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"I think technology has transformed the HR industry."

Q: Brian, why and how have you started your business? What was the most difficult initial step?

Ten years ago, I had built a number of recruitment businesses from scratch with very little real support from my employers and I had an epiphany one day, I can do this myself. The other main driving force behind starting my own firm, was my own integrity and honest approach to recruitment / business in general. Most recruitment business are run as pure sales organizations rather than talent management business’s, many times companies or worse still individuals were being sold the wrong opportunities / hires. Banking your first invoice is the most difficult step.

Q: What was the biggest project in your career? What did it teach you?

Recently I became involved in a potentially very large B2C mobile business start up. It was truly a global business with finance coming from the US, development based in Vietnam and the target launch market in Europe. It thought me a very valuable lesson in start ups, it’s all about execution, not necessarily ideas. Also I hired an entire Digital Marketing function for fortune 100 company once, we basically took a fully functional team from a competitor and took the entire team, this is a win/win, for my client, guaranteed this team will work well and also dramatically weaken your competition.

Q: In your view, how has HR industry in HK changed in the past 5-10 years?

I think technology has transformed the HR industry. Never before has there been so much data available on employees or potential employees. Additionally we have seen the rise of the in house recruitment function separate to HR. Something which always bemused me in the past, why were these investment banks paying millions upon millions in recruitment fees when they could just hire in house, pay them a reasonable base salary and save themselves 50% of there recruitment fees instantly. Also the power of internal branding seems to be on the uptake.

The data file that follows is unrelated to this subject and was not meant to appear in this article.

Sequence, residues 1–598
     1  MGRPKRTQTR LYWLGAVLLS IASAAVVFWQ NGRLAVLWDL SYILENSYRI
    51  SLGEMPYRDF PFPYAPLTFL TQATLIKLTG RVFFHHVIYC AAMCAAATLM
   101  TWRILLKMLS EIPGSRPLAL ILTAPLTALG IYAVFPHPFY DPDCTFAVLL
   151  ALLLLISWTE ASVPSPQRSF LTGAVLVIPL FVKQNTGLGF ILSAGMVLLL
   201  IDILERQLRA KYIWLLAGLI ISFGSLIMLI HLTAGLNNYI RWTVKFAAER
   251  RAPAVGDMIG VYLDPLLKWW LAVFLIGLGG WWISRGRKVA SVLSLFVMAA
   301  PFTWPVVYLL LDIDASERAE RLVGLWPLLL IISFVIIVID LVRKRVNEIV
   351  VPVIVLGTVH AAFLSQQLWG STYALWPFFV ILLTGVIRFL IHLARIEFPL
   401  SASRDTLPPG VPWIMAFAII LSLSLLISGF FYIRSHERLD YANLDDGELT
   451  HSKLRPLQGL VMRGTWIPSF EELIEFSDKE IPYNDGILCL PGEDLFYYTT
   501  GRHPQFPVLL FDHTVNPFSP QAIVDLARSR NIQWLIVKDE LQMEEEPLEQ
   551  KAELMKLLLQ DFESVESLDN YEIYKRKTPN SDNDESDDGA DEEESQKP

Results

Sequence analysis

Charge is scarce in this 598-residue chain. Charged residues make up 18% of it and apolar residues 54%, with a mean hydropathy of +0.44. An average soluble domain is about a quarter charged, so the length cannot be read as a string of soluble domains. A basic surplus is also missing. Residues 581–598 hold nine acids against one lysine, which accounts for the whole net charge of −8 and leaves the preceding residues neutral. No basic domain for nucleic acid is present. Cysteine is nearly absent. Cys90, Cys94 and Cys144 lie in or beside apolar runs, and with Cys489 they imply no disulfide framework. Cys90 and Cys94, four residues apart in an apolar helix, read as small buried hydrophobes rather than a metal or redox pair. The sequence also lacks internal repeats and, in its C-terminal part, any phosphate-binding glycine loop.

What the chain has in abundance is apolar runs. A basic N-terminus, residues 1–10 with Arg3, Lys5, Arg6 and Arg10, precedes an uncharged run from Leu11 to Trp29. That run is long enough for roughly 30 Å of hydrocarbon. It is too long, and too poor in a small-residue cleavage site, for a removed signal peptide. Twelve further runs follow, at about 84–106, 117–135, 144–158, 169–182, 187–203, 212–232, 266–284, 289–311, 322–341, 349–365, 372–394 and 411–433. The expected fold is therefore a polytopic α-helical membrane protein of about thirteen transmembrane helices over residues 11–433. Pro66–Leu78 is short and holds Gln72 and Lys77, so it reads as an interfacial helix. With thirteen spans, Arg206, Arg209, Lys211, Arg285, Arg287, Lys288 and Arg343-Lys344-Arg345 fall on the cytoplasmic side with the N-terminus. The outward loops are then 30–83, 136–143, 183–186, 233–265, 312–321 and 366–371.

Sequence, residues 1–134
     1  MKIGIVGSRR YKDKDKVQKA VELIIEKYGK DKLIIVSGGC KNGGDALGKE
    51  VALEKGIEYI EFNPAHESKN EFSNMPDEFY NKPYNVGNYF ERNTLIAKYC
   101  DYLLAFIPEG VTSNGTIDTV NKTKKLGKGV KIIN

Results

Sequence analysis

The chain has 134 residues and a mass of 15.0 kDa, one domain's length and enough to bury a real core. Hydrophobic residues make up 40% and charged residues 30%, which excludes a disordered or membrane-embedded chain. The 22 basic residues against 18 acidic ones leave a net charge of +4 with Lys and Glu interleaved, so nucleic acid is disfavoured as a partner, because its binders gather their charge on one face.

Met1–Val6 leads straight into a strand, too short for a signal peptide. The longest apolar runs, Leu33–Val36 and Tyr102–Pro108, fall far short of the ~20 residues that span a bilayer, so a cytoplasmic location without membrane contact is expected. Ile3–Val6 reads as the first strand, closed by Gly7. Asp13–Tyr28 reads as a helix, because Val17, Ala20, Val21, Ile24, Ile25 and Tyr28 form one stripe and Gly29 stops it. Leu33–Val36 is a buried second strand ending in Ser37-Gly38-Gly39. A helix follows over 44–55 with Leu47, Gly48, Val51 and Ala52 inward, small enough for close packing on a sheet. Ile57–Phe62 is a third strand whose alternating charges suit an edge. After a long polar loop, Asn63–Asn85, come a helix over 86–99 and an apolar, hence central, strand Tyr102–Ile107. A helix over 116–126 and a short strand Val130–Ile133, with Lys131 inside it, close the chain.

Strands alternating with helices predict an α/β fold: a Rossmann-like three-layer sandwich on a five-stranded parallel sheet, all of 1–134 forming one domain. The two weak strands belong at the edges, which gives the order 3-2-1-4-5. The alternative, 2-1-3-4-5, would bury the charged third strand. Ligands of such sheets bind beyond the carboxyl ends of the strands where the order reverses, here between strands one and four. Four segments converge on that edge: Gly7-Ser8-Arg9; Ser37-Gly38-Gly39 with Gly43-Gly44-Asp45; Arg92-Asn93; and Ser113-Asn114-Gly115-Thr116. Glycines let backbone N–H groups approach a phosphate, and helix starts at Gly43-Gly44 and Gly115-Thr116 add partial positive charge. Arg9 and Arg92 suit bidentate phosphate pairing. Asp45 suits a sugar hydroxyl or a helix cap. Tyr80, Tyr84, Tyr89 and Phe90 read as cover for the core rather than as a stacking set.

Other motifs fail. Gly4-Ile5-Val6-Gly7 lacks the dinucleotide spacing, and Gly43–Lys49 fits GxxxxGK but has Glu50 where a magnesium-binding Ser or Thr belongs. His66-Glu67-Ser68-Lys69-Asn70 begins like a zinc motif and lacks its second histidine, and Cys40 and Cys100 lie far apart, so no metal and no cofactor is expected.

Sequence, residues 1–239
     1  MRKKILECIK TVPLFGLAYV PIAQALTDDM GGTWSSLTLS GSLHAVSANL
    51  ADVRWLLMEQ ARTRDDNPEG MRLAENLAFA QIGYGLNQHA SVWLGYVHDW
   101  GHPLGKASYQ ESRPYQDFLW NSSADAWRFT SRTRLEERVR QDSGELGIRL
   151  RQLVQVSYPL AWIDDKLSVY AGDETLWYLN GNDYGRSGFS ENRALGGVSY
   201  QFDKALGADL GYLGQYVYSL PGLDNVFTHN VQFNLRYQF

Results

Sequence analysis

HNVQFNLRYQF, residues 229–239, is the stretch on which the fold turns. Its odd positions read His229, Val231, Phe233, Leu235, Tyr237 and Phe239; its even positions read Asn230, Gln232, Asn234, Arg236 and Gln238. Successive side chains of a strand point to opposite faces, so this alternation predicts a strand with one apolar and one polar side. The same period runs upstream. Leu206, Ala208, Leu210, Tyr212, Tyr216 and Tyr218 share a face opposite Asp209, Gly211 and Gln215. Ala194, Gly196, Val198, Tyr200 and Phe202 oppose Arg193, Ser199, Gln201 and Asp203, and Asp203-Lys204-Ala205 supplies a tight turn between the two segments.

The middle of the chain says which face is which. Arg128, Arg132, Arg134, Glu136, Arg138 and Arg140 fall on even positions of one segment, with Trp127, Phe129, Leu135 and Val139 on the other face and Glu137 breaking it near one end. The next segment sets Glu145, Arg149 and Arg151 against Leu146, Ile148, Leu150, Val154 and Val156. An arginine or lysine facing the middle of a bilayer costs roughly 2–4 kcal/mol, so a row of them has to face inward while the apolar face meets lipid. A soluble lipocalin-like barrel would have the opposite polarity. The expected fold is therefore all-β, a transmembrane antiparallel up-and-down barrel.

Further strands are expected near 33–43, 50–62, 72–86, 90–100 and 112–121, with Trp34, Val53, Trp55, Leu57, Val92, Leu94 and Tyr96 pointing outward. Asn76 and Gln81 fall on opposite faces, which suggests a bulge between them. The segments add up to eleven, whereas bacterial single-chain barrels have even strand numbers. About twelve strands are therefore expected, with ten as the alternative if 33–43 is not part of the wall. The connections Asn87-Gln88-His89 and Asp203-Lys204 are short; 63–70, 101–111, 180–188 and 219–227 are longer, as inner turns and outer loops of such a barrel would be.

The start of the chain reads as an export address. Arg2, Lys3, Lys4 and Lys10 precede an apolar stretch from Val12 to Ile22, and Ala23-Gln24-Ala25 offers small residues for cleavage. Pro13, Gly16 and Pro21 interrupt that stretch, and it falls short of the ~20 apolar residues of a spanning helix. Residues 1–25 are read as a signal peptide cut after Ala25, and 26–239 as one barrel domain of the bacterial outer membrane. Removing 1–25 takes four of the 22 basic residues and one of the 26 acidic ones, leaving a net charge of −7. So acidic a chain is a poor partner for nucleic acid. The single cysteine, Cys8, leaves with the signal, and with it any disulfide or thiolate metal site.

Q: From your perspective, how could companies decrease employee turnover?

Notice your staff, develop them and nurture their talents. Your people are your business not the company’s products or services. Additionally pay well, for the budget you save in the short term, you lose out over the long run because your staff is extremely easy to headhunt.

Q: Many business owners in Hong Kong complain that employees are “jumping too many jobs”. Do you agree?

I disagree; good staff stays the course, always regardless of how in demand their talent is or how volatile the market is. I think the brutally honest answer to this question is companies simple hire the wrong people over and over again; those wrong choices have a gestation period of 6 to 12 months and then a further 3 months in exit. This is why you see so many people with 1 to 2 year stints on their CVs.

Q: What are your 3 most favorite interview questions? Why do you think they are effective?

I am a very instinctive recruiter; I usually assess people on the overall engagement rather than specific questions. A lot of the time, there profile will speak for itself. Why did you leave that company is still one of the most important questions in the process, its puts the candidate in a different mode and you can tell a lot from how candidates answer that question rather than them regaling there successes

Q: Can you give some advice to job seekers on how to land a perfect job?

Do a lot of research; try to find companies or roles that you are genuinely interested in. Spend time to consider what is important to you, in a job, in a company in your future career. Then actively seek out that role constantly to you find it. Remember people hire people that they like first and foremost, learn to relax and enjoy the interview process.

Q: If money didn’t matter, what is the-one for you personally?

Psychologist / Councilor, I find people endlessly fascinating, their emotional baggage and how they process it, intrigues me.

Q: Who inspires you in your life and career?

People who are kind.

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